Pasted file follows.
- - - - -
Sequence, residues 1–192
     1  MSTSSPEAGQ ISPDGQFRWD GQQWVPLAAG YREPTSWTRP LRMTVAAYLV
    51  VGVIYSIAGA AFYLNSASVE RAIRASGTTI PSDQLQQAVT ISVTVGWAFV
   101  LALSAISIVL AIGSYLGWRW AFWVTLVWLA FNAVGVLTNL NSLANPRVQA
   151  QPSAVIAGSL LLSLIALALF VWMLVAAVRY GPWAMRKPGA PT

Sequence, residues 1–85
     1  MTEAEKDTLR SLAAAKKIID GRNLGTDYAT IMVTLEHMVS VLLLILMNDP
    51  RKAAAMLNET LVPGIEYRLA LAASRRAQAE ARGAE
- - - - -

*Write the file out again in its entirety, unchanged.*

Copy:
Sequence, residues 1–192
     1  MSTSSPEAGQ ISPDGQFRWD GQQWVPLAAG YREPTSWTRP LRMTVAAYLV
    51  VGVIYSIAGA AFYLNSASVE RAIRASGTTI PSDQLQQAVT ISVTVGWAFV
   101  LALSAISIVL AIGSYLGWRW AFWVTLVWLA FNAVGVLTNL NSLANPRVQA
   151  QPSAVIAGSL LLSLIALALF VWMLVAAVRY GPWAMRKPGA PT

Sequence, residues 1–85
     1  MTEAEKDTLR SLAAAKKIID GRNLGTDYAT IMVTLEHMVS VLLLILMNDP
    51  RKAAAMLNET LVPGIEYRLA LAASRRAQAE ARGAE